The CDC also recommends gradually building up to heavy work during high heat periods and scheduling heavy work during the coolest parts of the day. Take more breaks in extreme heat and humidity in a cool or shaded area, if possible. They also recommend avoiding alcohol and drinks with large amounts of caffeine or sugar. And, like a good wingman, remember to keep an eye on coworkers displaying symptoms of heat illness.

So this summer, in the heat of the sun, take precautions to avoid heat injury or heat illness that can take Airmen out of the mission and keep them from enjoying the summer.




All of this week's top headlines to your email every Friday.


 
 

 
(U.S. Air Force illustration/Senior Airman Micaiah Anthony)

AF begins testing phase for women in combat roles

WASHINGTON (AFNS) — In April 2015, the Air Force will begin conducting the physical evaluations required to explore opening the last six career fields currently closed to women. When the law prohibiting women in ground co...
 
 
DoD

New tuition assistance tool attuned to troops’ educational needs

WASHINGTON – The Defense Department continues to invest in its service members and has introduced a new online informational tool tailored to their unique school programs and educational needs, the Defense Department’s chief of voluntary education said in a DoD news interview this week. Dawn Bilodeau discussed a new online tool called “Tuition Assistance DECIDE.”...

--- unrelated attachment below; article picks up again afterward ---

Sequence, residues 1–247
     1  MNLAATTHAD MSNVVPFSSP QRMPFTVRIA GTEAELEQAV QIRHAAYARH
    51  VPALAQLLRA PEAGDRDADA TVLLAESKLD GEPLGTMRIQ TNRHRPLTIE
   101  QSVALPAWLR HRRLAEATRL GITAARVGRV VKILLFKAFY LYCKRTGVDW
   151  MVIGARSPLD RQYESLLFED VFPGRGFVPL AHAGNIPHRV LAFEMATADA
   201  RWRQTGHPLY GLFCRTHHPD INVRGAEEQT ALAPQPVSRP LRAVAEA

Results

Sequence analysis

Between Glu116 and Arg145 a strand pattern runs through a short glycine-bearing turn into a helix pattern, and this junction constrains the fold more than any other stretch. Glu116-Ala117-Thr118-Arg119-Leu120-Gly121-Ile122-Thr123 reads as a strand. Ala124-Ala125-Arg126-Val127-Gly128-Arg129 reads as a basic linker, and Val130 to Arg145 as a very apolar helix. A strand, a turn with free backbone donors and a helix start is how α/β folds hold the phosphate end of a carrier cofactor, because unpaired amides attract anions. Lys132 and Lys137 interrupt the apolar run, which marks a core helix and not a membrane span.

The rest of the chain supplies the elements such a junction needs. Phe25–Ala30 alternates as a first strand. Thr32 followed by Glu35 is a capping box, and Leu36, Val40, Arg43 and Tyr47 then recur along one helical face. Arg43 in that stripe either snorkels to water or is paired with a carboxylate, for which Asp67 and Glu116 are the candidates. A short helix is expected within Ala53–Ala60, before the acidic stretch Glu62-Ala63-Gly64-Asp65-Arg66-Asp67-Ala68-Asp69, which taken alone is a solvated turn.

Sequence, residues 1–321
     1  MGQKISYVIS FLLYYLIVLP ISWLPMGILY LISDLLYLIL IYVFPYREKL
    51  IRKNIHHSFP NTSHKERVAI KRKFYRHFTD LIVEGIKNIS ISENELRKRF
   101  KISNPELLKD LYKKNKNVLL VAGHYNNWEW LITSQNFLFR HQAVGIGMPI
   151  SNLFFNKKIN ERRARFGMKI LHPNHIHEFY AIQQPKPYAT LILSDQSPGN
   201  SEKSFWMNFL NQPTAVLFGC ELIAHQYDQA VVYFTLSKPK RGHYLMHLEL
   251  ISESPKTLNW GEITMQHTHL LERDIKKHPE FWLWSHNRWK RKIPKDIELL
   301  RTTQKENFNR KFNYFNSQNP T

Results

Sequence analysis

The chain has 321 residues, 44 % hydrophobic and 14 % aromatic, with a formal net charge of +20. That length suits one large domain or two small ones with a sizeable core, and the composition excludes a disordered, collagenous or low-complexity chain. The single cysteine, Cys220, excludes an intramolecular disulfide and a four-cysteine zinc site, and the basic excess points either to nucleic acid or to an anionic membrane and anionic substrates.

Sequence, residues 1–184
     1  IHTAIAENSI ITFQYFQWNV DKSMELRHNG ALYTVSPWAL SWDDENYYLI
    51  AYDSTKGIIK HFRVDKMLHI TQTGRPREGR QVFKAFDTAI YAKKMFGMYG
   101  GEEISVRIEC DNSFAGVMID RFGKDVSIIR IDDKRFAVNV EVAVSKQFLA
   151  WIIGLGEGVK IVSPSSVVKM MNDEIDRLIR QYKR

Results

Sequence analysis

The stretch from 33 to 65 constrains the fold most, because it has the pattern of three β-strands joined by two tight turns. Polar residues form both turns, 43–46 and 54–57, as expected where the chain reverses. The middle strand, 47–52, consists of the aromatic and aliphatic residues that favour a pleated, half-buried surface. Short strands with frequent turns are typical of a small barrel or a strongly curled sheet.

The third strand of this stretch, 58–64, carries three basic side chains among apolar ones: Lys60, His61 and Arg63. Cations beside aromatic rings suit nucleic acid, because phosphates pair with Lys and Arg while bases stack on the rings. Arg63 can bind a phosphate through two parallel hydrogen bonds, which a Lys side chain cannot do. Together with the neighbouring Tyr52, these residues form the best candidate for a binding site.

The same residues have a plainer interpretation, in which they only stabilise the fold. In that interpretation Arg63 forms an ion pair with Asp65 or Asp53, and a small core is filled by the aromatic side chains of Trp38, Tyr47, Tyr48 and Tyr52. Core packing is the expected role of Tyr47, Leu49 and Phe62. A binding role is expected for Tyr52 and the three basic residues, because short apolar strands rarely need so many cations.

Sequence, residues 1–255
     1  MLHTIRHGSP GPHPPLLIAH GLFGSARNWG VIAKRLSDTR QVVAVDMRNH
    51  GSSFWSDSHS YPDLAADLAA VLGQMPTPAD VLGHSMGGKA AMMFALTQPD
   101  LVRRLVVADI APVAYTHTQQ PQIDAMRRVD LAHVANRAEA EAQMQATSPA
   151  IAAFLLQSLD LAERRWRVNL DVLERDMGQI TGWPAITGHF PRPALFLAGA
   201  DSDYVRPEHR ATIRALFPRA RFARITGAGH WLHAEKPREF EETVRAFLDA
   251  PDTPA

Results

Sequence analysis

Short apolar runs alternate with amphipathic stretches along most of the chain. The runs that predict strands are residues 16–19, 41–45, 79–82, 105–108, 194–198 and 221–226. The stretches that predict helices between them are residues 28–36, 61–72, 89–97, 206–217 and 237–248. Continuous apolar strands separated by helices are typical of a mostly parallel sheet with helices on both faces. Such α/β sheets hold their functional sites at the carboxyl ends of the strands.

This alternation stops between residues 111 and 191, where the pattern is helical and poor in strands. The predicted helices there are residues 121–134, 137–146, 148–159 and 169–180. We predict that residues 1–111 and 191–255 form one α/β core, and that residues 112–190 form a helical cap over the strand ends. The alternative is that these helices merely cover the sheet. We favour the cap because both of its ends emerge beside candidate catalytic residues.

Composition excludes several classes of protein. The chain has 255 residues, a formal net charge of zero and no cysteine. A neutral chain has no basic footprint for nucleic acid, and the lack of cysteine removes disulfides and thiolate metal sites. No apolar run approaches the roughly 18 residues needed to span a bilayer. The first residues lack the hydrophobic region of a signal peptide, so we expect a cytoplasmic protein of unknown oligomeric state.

D-M Airmen freefall into the blue

BUCKEYE, Ariz. — You’re standing in an open door of an aircraft soaring 12,000 feet above the ground. You have put your full trust into the person strapped to your back, who you’ve known for less than two hours, to bring you back down to Earth safe and sound. The count begins. “Out…in…out.” The floor of the...
 

 

Enlisted members selected for promotion to get EPR on “select” grade closeout date

JOINT BASE SAN ANTONIO-RANDOLPH, Texas (AFNS) — In line with a recent update to the Air Force policy on enlisted performance report static closeout dates (SCOD), effective immediately, all future EPRs for promotion-selectees will close out on the date of the promotion-select grade. At the direction of Headquarters Air Force, Airmen promoted to technical sergeant...
 
 
(U.S. Air National Guard photo by 2nd Lt. Lacey Roberts)

First Yellow Ribbon Reintegration Program event a success

The 162nd Wing’s Air Wing Integrator hosted her first Yellow Ribbon Reintegration Program event on April 10 at the Hilton Garden Inn Tucson International Airport. Christina Desiato began working here last September with a pur...
 
 

Make time to mentor your Airmen

LUKE AIR FORCE BASE, AZ — The Air Force is comprised of Airmen with many skills and talents. The backbone to our continued success is our men and women who strive to be excellent on a daily basis. However, there are times when our focus is derailed by our own personal and professional guidelines. I was taught...
 




0 Comments


Be the first to comment!


Leave a Reply

Your email address will not be published. Required fields are marked *

You may use these HTML tags and attributes: <a href="" title=""> <abbr title=""> <acronym title=""> <b> <blockquote cite=""> <cite> <code> <del datetime=""> <em> <i> <q cite=""> <strike> <strong>


Directory powered by Business Directory Plugin